The project for the valley and mountain stations of the Bolzano-San Genesio cableway is designed to be a single intervention connecting the South Tyrolean capital and the town of San Genesio, qualifying itself not simply as an intervention for interpreting two technical structures, but rather as an opportunity for the reconfiguration of spatial arrangements capable of reinterpreting the dialectic between nature – man-made structure, open space – built space, local conditions – territorial arrangements.
While working within a framework of common transformative strategies, the specific conditions of the environment within which the two stations are located have some local specificities, outlining a common approach to the project that is expressed in a differentiated way. The macro-scale strategy links the project of the two stations to a wider connective urban fabric: cycle paths, hiking trails, open space systems along the Talvera stream become part of a network that links, albeit at an altitude, according to different topographical conditions, both the Val Sarentino to the city of Bolzano and also the complex system that includes San Genesio and the Salto plateau, whose noteworthy nodes consist of historicised architectures with a predominantly vertical development, discrete signs that can integrate with the landscape, special strategic points in the territory. Castel Roncolo, Castel Mareccio, Castel Rafenstein, Torre Druso, are just some of the outcrops that become strongholds in the landscape, architectures with which the project of the valley and mountain stations for the new Bolzano San Genesio cable car tries to interact with, not just in the desire to elevate itself as a “node” but rather in the spatial constitution of a new architecture, rooted in local tradition on the one hand, and capable of establishing a contemporary architectural language on the other. Consistent with this interpretative approach to the territory, the project attempts to articulate two architectures capable of interpreting the thickness of the wall, differentiating the conditions of interiority and exteriority, as a container of places, an inhabited gap in which vertical connections, large and deep openings can be arranged to frame the surrounding landscape, service spaces, and service ducts.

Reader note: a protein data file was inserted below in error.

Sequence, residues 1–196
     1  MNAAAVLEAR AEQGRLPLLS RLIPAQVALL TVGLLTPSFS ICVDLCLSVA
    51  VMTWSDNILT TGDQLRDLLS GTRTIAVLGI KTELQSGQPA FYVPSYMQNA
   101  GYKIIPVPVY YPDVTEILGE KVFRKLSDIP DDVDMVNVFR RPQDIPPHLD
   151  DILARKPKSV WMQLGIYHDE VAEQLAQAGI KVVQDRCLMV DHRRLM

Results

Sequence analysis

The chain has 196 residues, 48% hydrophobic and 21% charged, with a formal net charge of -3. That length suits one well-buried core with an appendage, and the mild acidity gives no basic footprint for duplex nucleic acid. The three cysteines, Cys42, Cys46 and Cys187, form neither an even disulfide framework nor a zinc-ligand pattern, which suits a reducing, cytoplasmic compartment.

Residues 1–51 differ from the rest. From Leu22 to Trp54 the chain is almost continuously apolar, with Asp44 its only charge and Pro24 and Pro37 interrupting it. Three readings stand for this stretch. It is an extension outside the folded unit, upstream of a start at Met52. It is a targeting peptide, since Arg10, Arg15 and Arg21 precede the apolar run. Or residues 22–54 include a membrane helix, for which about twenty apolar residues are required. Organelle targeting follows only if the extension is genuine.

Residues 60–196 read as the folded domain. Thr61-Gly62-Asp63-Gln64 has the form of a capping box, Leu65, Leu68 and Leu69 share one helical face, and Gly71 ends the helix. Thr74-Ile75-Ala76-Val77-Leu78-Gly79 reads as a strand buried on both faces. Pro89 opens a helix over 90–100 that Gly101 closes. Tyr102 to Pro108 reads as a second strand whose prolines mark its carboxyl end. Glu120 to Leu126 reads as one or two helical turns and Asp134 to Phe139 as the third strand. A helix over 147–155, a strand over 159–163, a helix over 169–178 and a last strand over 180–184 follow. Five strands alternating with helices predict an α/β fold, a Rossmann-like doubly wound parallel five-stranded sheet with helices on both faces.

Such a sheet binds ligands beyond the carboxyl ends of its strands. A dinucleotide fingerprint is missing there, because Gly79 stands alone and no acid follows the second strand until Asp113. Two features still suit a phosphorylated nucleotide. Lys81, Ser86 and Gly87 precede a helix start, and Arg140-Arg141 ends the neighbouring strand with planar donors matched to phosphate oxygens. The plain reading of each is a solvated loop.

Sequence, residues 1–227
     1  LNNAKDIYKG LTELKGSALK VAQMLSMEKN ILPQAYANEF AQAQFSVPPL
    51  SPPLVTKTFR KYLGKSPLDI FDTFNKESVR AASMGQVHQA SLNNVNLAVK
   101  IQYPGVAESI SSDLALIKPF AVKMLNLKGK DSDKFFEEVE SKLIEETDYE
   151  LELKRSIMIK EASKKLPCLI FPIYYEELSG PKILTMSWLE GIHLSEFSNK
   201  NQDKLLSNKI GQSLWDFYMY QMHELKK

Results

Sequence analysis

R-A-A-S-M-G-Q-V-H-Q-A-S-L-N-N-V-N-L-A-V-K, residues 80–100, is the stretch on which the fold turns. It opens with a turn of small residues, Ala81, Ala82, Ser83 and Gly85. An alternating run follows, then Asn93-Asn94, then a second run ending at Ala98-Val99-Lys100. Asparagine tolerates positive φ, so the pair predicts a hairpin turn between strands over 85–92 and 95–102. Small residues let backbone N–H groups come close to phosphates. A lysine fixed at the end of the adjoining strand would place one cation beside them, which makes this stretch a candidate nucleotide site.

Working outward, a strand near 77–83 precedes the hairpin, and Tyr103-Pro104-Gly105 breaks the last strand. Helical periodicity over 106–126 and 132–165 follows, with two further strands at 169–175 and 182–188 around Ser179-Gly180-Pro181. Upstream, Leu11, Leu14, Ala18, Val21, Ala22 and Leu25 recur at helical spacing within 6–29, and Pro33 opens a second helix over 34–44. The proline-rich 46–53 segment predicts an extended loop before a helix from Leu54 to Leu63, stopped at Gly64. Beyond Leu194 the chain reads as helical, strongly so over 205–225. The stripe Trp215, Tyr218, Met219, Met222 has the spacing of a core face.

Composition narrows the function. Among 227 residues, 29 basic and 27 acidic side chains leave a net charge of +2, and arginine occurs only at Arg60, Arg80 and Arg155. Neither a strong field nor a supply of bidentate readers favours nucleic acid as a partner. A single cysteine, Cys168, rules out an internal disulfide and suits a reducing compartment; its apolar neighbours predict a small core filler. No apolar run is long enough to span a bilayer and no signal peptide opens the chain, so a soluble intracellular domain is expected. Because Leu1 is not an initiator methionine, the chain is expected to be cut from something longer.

The compositional principle that led to the two architectures was, therefore, that of subtraction: in both artefacts, a primary volume that was configured as a monolithic block was excavated and eroded. As in the fortified architecture of the surrounding landscape, the wall becomes an inhabited place, a threshold space between the interior of the building and its surroundings. In line with this logic, the two volumes are characterised by their materiality, elements that are modelled adapting to the morphology of the elements of the surrounding landscape, masses capable of taking root in the ground. Faced with a common architectural language, the volumes of the two stations are expressed in different ways, since they are influenced by the specific local conditions of their surroundings. The valley station, interpreting, on the one hand, the idea of inhabited walls, capable of defining the sequence between the Talvera, the long river with its system of cycle paths, the new ground level parking lot at the height of the SS508, the square in front of the valley station, becomes, on the one hand, a base element, a metaphor for the retaining wall of the terraced vineyards, and on the other, a vertical volume, capable of designating a privileged point, apparatus consistent with the technical needs of the building.